TERRACINA, Laura. Rime della signora Laura Terracina (with)PETRARCH, Fracesco. Tutti li Quattro Triumphi d’amor... novamente tradutto in stantie

Venice, Gabriel Giolito de Ferrari, 1554 (with) np., np., 1551.


8vo. (i) ff. 56. Italic letter. Giolito’s small woodcut Phoenix device on title, another on verso of last, fine woodcut portrait of the author within woodcut frame on verso of title, historiated woodcut initials, typographical ornaments. (ii) FIRST EDITION thus. 20 unnumbered ll. (A-E4). Italic letter, woodcut peacock device on title, historiated woodcut initials. First title fractionally dusty, light age yellowing, early ms. shelf mark on pastedown. A very good, well margined copy, in contemporary limp vellum

Fifth edition, with corrections, first printed in 1548, of this collection of poems by Laura Terracina, one of Italy’s greatest sixteenth century poets and one of only a handful of published woman poets of the period, bound with an entirely unrecorded edition of Petrarch’s ‘Triumphi d’Amor’ newly transcribed into stanza’s. Terracina was born into a noble family, part of the Neapolitan aristocracy loyal to the Spanish crown. She entered the Neapolitan ‘Accademia de la Incogniti’ taking the name ‘Phoeba’, and stayed in contact with many of its members, despite it’s suppression in 1547, dedicating much of her verse to them. This volume is a collection of verse in the Petrarchan tradition ending with a poem to the Virgin. Although she makes little use of Petrarchan tropes in these poems, when she does imitate Petrarch directly she adopts a male poetic voice in literal imitation of her model. She also assiduously followed Ariosto; four Lamenti in this volume are in the voices of Sacripante, Rodomonte, Isabella and Bradamante. She deplored the political and social turmoil of her time and Terracina’s personal familiarity with public life and the vanities of public figures resonates in her condemnation of their failings. Terracina “died soon after dedicating her ninth volume, having acted all her life on her belief in women’s need to pursue the laurel crown of fame. Championing and chiding her sex towards that end she wrote with a passion that has been likened to the ‘furore’ of Orlando in her quest to gain women equal opportunity with men in that pursuit.” Nancy Dersofi, Encyclopedia of women in the Renaissance. The second work comprises Petrarch’s ‘Quattro Triumphi d’amor’, the first of the four ‘Triumphi’, transcribed into stanzas. We have been able to find no other copy of this edition, or an edition of which it could be part. It is an interesting association with Laura Terracina given the influence Petrarch had on her work. A unique and interesting volume.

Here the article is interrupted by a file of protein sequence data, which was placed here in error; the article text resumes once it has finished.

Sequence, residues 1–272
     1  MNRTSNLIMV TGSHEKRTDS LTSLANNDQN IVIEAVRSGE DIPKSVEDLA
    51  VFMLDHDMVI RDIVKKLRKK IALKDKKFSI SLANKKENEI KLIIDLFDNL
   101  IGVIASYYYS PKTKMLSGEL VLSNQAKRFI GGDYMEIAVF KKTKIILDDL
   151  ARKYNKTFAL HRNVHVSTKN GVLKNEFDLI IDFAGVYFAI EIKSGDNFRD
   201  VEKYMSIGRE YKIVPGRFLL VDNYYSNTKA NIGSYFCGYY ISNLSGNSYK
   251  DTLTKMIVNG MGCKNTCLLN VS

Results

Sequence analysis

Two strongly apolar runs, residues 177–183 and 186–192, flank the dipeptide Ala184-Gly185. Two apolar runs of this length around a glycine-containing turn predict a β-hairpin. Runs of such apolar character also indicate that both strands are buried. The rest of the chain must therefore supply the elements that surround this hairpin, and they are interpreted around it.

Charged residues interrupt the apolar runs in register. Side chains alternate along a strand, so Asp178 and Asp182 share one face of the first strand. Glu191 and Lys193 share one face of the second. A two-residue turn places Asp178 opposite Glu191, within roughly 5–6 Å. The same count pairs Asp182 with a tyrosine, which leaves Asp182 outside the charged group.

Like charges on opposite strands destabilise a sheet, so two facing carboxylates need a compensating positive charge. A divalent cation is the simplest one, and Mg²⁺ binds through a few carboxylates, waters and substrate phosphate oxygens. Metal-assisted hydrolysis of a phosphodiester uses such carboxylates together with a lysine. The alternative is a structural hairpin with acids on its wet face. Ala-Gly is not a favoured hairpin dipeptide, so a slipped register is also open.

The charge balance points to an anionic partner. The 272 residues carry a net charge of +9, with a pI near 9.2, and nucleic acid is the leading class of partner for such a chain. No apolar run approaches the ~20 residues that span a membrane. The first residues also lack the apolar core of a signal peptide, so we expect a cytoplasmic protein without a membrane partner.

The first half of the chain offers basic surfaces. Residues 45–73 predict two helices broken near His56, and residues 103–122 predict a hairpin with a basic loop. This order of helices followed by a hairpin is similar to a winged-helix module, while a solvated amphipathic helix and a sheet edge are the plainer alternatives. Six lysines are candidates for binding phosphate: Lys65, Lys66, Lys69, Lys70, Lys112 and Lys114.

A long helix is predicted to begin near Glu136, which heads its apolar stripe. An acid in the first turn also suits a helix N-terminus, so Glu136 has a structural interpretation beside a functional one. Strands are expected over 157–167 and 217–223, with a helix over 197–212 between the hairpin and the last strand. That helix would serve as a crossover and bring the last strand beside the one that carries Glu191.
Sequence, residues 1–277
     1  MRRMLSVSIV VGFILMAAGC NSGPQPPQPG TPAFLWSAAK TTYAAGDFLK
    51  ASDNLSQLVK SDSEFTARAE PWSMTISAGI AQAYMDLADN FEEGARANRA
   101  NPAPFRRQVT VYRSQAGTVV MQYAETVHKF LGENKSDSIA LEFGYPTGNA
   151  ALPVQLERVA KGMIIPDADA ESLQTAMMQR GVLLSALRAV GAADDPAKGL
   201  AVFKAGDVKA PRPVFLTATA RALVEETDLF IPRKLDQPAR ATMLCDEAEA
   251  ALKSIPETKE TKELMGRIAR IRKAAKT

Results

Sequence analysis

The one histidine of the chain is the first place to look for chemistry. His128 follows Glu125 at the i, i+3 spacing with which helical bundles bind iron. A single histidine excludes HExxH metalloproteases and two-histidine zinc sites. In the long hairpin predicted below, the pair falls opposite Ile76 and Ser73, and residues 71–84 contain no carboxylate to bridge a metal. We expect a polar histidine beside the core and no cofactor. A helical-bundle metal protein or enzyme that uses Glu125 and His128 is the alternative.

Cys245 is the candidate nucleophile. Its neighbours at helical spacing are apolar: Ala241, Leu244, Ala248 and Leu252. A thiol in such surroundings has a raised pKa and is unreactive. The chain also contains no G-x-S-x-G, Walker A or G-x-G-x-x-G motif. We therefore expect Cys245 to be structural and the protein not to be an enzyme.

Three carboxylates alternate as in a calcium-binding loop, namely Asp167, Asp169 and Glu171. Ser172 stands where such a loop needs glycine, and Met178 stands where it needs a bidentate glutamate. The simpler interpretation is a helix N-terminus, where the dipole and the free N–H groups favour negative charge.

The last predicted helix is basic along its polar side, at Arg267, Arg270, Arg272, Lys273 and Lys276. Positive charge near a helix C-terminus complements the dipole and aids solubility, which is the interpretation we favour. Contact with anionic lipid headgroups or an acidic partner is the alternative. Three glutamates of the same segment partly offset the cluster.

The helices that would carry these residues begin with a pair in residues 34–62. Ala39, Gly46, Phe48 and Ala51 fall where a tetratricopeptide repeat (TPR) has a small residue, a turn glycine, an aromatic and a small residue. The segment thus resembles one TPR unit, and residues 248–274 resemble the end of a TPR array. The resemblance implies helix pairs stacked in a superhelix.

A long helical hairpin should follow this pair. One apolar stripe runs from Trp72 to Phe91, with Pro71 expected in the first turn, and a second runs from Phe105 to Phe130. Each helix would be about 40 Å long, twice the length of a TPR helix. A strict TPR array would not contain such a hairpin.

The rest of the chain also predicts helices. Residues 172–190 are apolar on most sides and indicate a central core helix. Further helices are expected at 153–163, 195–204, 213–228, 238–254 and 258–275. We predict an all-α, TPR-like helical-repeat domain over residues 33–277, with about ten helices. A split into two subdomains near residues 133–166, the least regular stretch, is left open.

(i) Bongi I p. 455. Not in BM STC It. C16, Erdmann or Gamba.(ii)UnrecordedL1067
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